Published on Brock University (http://www.brocku.ca)
“Today the world is experiencing a profound paradigm shift. The transition to a new era is transforming almost everything including how people communicate, make a living, and spend leisure time. With these changes come a growing awareness of our interdependence, and a rising concern for social, cultural, environmental, and economic sustainability for the generations to come. I am interested in education for human (and more than human) flourishing in this new era where the importance of individual uniqueness, relationships, and the ability to adapt and contribute positively to change will be key”.
As Director of Community Learning, Kate provides the theoretical framework and educational philosophy that guides this department and is responsible for the research and development agenda. Kate also provides strategic direction, oversees finances, staff management, and program design. Kate holds a B.B.A. with a minor in economics from Bishop's University, a Masters of Education with a concentration in adult learning from Brock University, and a Ph.D. in the Social and Cultural Contexts of Education. Kate has over 20 years of leadership experience in education, has written a number of peer reviewed articles, and has presented her work both locally and internationally. She is also a Research Associate of the Niagara Community Observatory. Kate was recently awarded the prestigious Jack M. Miller Excellence in Research Award. In her free time, Kate takes every opportunity to be outside: camping, cross-country skiing and drawing.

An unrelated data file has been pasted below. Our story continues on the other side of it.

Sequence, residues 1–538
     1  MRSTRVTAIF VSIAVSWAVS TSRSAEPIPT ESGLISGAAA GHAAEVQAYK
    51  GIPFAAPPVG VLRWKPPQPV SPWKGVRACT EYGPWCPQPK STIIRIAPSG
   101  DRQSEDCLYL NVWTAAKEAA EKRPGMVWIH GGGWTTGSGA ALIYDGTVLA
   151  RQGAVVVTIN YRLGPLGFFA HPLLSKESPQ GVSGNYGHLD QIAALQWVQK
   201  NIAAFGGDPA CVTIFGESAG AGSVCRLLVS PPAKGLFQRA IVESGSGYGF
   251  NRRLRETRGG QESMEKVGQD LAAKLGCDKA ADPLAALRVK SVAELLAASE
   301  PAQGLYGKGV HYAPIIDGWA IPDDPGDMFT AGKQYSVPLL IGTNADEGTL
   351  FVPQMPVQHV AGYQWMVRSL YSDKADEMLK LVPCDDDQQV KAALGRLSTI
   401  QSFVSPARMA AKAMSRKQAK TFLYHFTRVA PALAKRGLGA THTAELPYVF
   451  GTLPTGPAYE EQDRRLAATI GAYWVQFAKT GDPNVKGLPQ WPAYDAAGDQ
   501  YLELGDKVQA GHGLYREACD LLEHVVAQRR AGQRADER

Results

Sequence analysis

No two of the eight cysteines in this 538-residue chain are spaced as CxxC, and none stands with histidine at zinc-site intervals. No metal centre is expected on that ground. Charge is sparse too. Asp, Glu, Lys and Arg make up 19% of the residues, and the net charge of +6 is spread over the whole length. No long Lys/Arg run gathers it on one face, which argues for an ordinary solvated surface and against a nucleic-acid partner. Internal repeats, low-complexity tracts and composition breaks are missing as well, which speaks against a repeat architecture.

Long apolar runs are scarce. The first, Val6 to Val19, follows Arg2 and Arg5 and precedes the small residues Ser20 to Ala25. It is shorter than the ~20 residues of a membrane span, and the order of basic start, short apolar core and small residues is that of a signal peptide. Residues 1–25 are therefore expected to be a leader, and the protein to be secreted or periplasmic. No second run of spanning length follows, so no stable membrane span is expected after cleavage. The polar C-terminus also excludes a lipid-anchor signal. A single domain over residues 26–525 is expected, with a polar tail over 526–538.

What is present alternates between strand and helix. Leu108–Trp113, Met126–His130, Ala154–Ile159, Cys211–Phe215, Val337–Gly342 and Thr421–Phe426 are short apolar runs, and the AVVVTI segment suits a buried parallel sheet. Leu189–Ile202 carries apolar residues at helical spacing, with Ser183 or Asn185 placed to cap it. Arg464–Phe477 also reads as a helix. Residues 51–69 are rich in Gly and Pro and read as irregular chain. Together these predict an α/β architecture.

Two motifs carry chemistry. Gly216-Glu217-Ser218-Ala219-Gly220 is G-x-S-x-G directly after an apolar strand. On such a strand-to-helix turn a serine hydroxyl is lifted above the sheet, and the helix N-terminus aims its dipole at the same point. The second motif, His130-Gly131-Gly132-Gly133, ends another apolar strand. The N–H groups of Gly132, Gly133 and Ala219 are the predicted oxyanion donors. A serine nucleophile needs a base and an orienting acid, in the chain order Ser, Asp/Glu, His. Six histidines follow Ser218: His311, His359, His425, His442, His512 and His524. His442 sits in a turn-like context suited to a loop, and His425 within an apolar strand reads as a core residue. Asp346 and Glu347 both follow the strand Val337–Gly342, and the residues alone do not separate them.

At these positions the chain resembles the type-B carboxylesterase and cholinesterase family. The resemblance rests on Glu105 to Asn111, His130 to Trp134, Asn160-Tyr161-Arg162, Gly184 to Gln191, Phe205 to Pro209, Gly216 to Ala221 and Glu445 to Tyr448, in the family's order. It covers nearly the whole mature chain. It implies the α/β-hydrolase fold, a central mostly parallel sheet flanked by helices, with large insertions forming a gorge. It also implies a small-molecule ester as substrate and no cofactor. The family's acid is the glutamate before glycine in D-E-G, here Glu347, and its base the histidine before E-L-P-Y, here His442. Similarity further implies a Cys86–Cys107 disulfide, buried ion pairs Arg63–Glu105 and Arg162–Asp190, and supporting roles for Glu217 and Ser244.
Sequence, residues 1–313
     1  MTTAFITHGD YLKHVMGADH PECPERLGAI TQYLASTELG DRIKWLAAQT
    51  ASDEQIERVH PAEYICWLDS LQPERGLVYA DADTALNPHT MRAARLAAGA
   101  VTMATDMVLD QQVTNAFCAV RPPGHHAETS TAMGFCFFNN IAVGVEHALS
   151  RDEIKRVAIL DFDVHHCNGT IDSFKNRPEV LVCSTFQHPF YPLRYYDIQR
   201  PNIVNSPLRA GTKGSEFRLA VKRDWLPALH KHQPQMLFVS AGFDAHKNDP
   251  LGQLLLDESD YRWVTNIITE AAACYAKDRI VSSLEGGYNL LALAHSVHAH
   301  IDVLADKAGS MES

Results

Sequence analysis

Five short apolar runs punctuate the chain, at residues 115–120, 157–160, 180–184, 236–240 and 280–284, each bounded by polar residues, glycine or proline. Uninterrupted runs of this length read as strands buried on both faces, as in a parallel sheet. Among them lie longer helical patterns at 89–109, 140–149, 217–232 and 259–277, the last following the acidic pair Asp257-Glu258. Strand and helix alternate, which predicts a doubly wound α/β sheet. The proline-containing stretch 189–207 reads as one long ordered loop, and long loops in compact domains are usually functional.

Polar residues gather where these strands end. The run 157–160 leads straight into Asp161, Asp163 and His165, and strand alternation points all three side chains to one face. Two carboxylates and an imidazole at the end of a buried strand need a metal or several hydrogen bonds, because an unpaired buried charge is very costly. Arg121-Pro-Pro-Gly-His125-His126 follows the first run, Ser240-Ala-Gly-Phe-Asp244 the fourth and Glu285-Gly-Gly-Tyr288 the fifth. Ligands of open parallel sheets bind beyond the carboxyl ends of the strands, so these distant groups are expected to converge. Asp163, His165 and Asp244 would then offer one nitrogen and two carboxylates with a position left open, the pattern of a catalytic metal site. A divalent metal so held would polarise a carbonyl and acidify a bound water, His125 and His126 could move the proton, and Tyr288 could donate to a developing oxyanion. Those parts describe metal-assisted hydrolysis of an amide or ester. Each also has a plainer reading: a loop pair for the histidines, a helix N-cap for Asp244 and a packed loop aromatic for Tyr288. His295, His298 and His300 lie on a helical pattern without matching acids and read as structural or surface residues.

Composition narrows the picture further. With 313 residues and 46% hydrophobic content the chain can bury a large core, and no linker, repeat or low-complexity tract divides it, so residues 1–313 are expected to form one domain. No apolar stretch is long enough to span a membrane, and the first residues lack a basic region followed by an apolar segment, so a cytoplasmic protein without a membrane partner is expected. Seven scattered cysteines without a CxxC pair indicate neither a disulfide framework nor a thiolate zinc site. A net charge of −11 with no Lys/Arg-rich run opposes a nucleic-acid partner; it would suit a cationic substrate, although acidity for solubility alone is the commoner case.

Selected Recent Scholarly Activity
Cassidy, K. J. (2013, June). The essence of feeling a sense of community: A hermeneutic phenomenological Inquiry with middle school students and teachers, Paper presented at the Canadian Society for the Study of Education: Victoria, Canada.
Cassidy, K. J. (2013, April). Understanding community that includes difference as a foundation for peace in schools, Paper presented at the American Education Research Association Educational Research Association (AERA): San Francisco, USA.
Cassidy, K. J. (2010, October). Developing a feeling of belonging & community at school, Paper presented at the Niagara Community Observatory Research Café: Niagara Falls, Canada
Cassidy, K. (2009). Addressing multiple ways of knowing in adventure education. In R. H. Stremba & C. Bisson, (Eds.), Teaching adventure education theory: best practices. Champaign, IL: Human Kinetics.
Cassidy, K. (2009). An alternative to Tuckman: Three factors in group development. In R. H. Stremba & C. Bisson, (Eds.), Teaching adventure education theory: best practices. Champaign, IL: Human Kinetics.
Cassidy, K. J., & Laslo, W. (2009, May). What’s the master plan? Emerging trends and planning for continuing education in a new era, Canadian Association for University Continuing Education: Vancouver, Canada.
Cassidy, K. J. (2009, May). Higher education and strategic change in the wake of a new era, Paper presented at the Canadian Society for the Study of Higher Education Conference at the Congress of the Humanities and Social Sciences: Ottawa, Canada.
Cassidy, K. (2008). A contemporary model of experiential education. In K. Warren, T. A. Loeffler, & D. Mitten (Eds.), The theory of experiential education (4th ed.). Dubuque, IA: Kendall/Hunt.
Cassidy, K. (2008, June). Youth on Campus: The scholarship of engagement and increasing access to post-Secondary attainment. Paper presented at the Canadian Society for the Study of Higher Education Conference during the Congress of the Humanities and Social Sciences. Vancouver, Canada.
Cassidy, K. (2007). Tuckman revisited: Proposing a new model of group development for practitioners. The Journal of Experiential Education. 22 (1), 413-417.
Cassidy, K. (2001). Enhancing your experiential program with narrative theory. The Journal of Experiential Education, 24 (1), 22-26.